Categorical outcomes were compared between groups using χ2 tests or Fisher's exact tests where numbers were small. Numerical data were tested for normality using Anderson–Darling tests and found to be of skewed distribution; comparisons between groups were therefore done with Mann–Whitney tests and comparisons between subgroups done with Kruskall–Wallis tests with Dunnet's post hoc test comparisons. Logistic regression models were used to correct for the potential confounding effect of alcohol exposure on visual outcomes.


A total of 107 infants were seen for assessment at 6 months of age: 81 drug-exposed infants and 26 comparison infants. This represented 79% and 52% respectively of the cohorts recruited at birth. Details of the neonatal outcomes of this cohort have been reported previously.12 Reasons for non-attendance included: parent/carer uncontactable (56%), did not attend a prearranged appointment on two or more occasions (24%), geographically unable to attend (7%) and declined follow-up participation (13%).

The birth demographic characteristics of those comparison infants who did not attend for follow-up did not differ from those of infants who were followed up: birth weight (two-sample t test p=0.45), OFC (two-sample t test p=0.71), gestation (Mann–Whitney test p=0.98), 5-min Apgar score (Mann–Whitney test p=0.26) and DEPCAT score (Mann–Whitney test p=0.26).

Median age at follow-up was 27 weeks (range 26–30) for both drug-exposed and comparison groups. Mean weight and head circumference at the 6-month follow-up were slightly less in the drug-exposed infants, but the differences were not significant: weight 7.52 kg (SD 1.05) versus 7.94 kg (SD 1.09) (comparison infants), two-sample t test p=0.11; head circumference 43.3 cm (SD 1.5) versus 43.8 cm (SD 1.9) (comparison infants), two-sample t test p=0.15.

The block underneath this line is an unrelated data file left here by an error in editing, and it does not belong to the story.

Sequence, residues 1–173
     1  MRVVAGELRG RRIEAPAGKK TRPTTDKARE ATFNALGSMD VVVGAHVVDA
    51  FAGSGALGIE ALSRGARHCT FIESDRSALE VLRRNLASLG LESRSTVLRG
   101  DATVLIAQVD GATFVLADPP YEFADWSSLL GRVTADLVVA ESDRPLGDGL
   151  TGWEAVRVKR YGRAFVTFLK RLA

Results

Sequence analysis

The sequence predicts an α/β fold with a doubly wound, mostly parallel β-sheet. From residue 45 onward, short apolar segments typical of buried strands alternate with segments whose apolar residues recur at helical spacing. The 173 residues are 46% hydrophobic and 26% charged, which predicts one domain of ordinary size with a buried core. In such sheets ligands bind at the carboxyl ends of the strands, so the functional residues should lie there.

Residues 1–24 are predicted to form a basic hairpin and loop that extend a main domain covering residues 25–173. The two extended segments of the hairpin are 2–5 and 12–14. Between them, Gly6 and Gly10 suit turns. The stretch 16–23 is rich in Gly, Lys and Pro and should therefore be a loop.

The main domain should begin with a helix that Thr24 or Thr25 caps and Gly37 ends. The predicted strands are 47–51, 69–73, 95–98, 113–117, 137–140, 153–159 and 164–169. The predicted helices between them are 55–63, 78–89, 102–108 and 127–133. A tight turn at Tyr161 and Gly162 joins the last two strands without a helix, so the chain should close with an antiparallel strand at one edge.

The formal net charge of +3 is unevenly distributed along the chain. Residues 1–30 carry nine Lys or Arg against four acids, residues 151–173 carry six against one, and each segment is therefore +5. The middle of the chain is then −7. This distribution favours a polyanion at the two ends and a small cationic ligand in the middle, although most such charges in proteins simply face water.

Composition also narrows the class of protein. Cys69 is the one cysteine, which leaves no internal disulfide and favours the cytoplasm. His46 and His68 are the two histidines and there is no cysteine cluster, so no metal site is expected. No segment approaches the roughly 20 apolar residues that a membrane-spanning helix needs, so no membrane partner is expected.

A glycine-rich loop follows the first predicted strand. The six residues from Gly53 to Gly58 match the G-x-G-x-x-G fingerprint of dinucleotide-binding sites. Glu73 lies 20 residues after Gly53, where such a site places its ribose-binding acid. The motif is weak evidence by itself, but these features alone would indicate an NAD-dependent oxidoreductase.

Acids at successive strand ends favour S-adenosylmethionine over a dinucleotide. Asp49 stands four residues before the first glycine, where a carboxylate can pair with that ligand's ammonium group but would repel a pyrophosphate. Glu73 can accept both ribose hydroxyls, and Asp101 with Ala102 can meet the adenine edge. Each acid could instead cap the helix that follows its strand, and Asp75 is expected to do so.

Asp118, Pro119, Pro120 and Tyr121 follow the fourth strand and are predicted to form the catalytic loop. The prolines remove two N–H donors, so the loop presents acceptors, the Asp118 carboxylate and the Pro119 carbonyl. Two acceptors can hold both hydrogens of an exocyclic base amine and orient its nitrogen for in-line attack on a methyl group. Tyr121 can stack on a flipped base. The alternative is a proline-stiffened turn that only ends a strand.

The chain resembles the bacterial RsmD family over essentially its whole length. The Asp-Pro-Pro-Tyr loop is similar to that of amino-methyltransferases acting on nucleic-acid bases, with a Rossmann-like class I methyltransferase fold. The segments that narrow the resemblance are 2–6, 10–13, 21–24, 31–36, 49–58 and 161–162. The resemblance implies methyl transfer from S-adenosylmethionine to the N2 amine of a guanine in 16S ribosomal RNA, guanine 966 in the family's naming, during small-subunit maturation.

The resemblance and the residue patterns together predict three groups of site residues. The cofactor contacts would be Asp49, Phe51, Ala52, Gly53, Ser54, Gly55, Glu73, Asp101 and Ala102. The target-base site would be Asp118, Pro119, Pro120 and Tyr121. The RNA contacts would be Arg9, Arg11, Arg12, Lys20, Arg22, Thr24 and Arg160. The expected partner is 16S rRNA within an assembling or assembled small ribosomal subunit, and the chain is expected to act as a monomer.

Drug and alcohol exposure

The majority of the methadone-exposed infants (73/81; 90%) had also been exposed to illicit drugs in utero including opioids (75%), benzodiazepines (67%), cannabis (64%) and stimulants (26%). In all, 20 out of 46 infants tested (43%) and seen at 6 months of age had elevated FAEEs in meconium indicative of exposure to excess alcohol in utero.

Three comparison infants (3/18 tested, 17%) had elevated FAEEs in meconium and two infants’ samples tested positive for cannabis. No infant had a clinical diagnosis of fetal alcohol syndrome.

Visual assessment

Overall, 32 (40%) of the drug-exposed cohort failed the visual assessment (table 2). All infants had visual acuity measured in a standardised way and we were confident that any motor or developmental abnormalities did not interfere with this. Horizontal nystagmus was present in nine of the drug-exposed cohort (11%); it was manifest in five infants, and in four infants nystagmus had a latent component with associated strabismus (also known as fusion maldevelopment nystagmus syndrome). One of these nine infants with nystagmus had no opioid exposure other than methadone (study # 155) and one had no benzodiazepine exposure (study # 40). Strabismus was detected in 20 drug-exposed infants (25%) of whom 12 infants had an exotropia and eight had an esotropia. Reduced visual acuity (>0.90 logMAR) was detected in 18 drug-exposed infants (22%) and associated with other ophthalmic abnormalities in 11 of these infants. Confirmed DVM was present in two infants and presumed in eight infants (a history of visual inattentiveness given by the parents/carers).

Table 2

In utero drug exposure, neonatal VEP finding and visual findings at 6 months for the 32 drug-exposed infants who failed the visual assessment

After correcting for excess in utero alcohol exposure using a logistic regression model, significantly more drug-exposed infants failed the visual assessment than comparison infants: 32/81 versus 2/26; p=0.007. The relative risk of an abnormal visual assessment in drug-exposed infants was 5.1 (95% CI 1.3 to 20, p=0.02) giving an attributable risk of 80%. There was no association between a failed 6-month visual assessment and NAS: χ2 test; p=0.239. There was no significant difference in the proportion of drug-exposed infants in each of the five different drug exposure groups who failed the visual assessment: χ2 test; p=0.528.